Cover

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Title Page, Copyright, Dedication

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Contents

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Preface

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pp. ix-xiv

This collection spans twenty-five years of my writing about civil rights and African American politics. When I began writing I did not have a strategic plan for the direction of my scholarship. My first book, Black Ballots: Voting Rights in the South 1944-1969, established me as a scholar of black suffrage—particularly of the role the federal...

Part One. Studying the Civil Rights Movement

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Freedom Then, Freedom Now: The Historiography of the Civil Rights Movement

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pp. 3-28

While the United States tilted in the direction of political conservatism during the past decade, the history of the civil rights movement gained in popular appeal. Martin Luther King's birthday became a national holiday. Hollywood fictionalized the events surrounding the Mississippi Freedom Summer, drawing millions of customers to the...

Part Two. Lyndon B. Johnson and the Black Freedom Struggle

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Exploring Johnson's Civil Rights Policy

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pp. 31-55

Lyndon Johnson spent the final months of his life filled with memories of the civil rights struggle that had greatly influenced his political career. In December 1972, at a symposium held at the Johnson Library, the former president heard an array of notable civil rights leaders commemorate his achievements in promoting racial...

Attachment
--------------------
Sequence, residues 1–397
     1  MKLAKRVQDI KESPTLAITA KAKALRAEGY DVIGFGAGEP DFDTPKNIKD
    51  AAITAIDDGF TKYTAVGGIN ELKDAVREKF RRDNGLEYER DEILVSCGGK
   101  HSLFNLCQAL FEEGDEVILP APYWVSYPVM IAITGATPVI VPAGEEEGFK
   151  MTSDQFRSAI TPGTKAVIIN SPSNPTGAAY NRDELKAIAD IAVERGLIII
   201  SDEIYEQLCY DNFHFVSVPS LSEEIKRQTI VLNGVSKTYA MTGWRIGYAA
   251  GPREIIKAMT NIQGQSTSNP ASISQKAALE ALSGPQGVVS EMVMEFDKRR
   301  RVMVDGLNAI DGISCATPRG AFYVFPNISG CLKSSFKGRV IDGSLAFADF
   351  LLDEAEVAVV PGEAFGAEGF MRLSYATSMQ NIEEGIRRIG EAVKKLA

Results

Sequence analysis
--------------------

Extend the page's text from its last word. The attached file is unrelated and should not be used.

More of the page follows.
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The Improbable Emancipator

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pp. 56-70

Lyndon Johnson was, as T. Harry Williams observed a few months after the former president's death, a "tormented man from [a] tormented region who had such large visions of what his country might become." Born and raised in the South, Johnson had only gradually come to recognize the hardships blacks endured under the racial...

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Mixing Moderation with Militancy

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pp. 71-94

When Lyndon Johnson left the White House in 1969, America stood divided over his handling of affairs related to war and peace. Disturbed by the deteriorating quality of life in their cities and confounded by the intractability of combat in the swamps and jungles of Vietnam, they doubted the credibility of the president and the...

Part Three. Civil Rights and Black Politics

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From Boycotts to Ballots

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pp. 97-118

In 1946 southern black soldiers returned from having fought in World War II, only to encounter white racism at home. A Georgia veteran expressed the sentiments of black GIs throughout the region, many of whom marched to county courthouses demanding their right to vote. "Peace is not the absence of war," he declared, "but the presence...

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Preserving the Second Reconstruction

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pp. 119-134